First, the Court ruled that the mandate was unconstitutional under the interstate commerce clause. While that clause allows the federal government to regulate certain economic activity, the Court concluded that a federal directive to buy health insurance was impermissible because it regulated economic inactivity. That is, it challenged an individual’s decision to not buy health insurance. 

But the Court also concluded, in a 5-4 majority opinion written by Chief Justice John Roberts and joined by the four liberals on the Court, Congress had no power under the commerce clause to compel individuals to buy health insurance. However, it did have the power – under Congress’s broad taxing authority – to tax them for not buying insurance. Chief Justice Roberts also concluded the individual mandate was so closely connected to its related tax that the mandate, too, could survive as an essential element of the tax.

Fast forward to late 2017. A Republican-dominated Congress, after failing in several tries to repeal the ACA, pushed through a tax reform package that, while not striking the individual mandate, eliminated the tax penalty for 2019 and later years.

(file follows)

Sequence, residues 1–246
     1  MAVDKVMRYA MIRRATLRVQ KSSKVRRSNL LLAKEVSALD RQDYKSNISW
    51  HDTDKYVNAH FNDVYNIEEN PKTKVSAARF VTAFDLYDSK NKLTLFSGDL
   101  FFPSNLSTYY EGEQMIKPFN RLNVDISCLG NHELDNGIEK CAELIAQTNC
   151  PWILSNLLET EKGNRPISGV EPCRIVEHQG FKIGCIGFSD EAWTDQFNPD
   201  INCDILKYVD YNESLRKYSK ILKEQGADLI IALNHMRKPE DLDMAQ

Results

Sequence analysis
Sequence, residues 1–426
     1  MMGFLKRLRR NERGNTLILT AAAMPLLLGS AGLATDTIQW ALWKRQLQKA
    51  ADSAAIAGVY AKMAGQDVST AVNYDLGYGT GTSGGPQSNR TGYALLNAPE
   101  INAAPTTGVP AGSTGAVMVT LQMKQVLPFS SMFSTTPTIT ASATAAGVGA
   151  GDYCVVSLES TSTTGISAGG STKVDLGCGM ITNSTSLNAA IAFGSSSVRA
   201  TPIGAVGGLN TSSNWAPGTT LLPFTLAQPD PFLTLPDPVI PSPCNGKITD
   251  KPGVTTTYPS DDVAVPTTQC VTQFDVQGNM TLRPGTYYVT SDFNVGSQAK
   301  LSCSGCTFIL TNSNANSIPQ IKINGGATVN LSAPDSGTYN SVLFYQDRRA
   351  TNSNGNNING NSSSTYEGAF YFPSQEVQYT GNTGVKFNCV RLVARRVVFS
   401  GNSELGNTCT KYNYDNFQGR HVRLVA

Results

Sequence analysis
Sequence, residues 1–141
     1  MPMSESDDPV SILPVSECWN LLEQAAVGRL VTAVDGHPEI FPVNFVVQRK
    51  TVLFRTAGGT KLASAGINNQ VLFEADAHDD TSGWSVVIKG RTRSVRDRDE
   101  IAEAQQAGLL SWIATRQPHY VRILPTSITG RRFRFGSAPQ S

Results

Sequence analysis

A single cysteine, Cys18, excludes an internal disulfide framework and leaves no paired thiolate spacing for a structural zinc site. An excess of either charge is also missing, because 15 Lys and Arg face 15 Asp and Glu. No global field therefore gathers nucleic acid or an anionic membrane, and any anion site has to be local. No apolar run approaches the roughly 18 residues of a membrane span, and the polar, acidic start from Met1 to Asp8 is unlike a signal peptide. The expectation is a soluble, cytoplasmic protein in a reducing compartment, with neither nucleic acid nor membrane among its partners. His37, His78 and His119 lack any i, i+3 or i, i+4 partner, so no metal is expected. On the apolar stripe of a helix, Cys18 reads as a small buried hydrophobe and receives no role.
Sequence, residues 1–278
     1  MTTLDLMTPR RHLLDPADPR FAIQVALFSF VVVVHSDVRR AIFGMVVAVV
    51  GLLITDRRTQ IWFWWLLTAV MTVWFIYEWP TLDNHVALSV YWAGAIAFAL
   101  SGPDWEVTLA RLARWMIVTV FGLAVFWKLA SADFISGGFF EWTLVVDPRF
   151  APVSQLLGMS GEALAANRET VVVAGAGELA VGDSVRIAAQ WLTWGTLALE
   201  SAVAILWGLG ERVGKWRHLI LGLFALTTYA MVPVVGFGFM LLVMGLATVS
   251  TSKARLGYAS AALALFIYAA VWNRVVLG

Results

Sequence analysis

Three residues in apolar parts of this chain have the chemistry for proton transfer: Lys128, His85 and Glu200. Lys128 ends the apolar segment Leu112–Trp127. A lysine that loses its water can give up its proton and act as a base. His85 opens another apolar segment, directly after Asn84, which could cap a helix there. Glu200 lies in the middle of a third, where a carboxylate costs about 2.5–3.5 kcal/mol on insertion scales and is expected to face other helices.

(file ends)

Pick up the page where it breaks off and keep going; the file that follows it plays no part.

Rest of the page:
In short order, 20 states resurrected the challenge to the individual mandate. The states’ argument was simple: If the individual mandate tax was all that stood between the mandate and its status as an unconstitutional exercise of federal power, and the tax is now gone, then of course the mandate must now fall as unconstitutional.

The federal court in Fort Worth agreed. Then the court went one step further: It concluded that the individual mandate is so integral to the rest of the ACA that Congress never intended the ACA to exist without it. In short, the ACA in its entirety must also fall. 

Lockton comment: The Court had some support for this conclusion. In 2012, four of the nine Supreme Court justices – but the only four to consider whether the ACA could survive without the individual mandate – concluded the mandate and the other major provisions of the ACA could not exist independently. They concluded that without the individual mandate Congress would never have passed the ACA in the first place.

What now?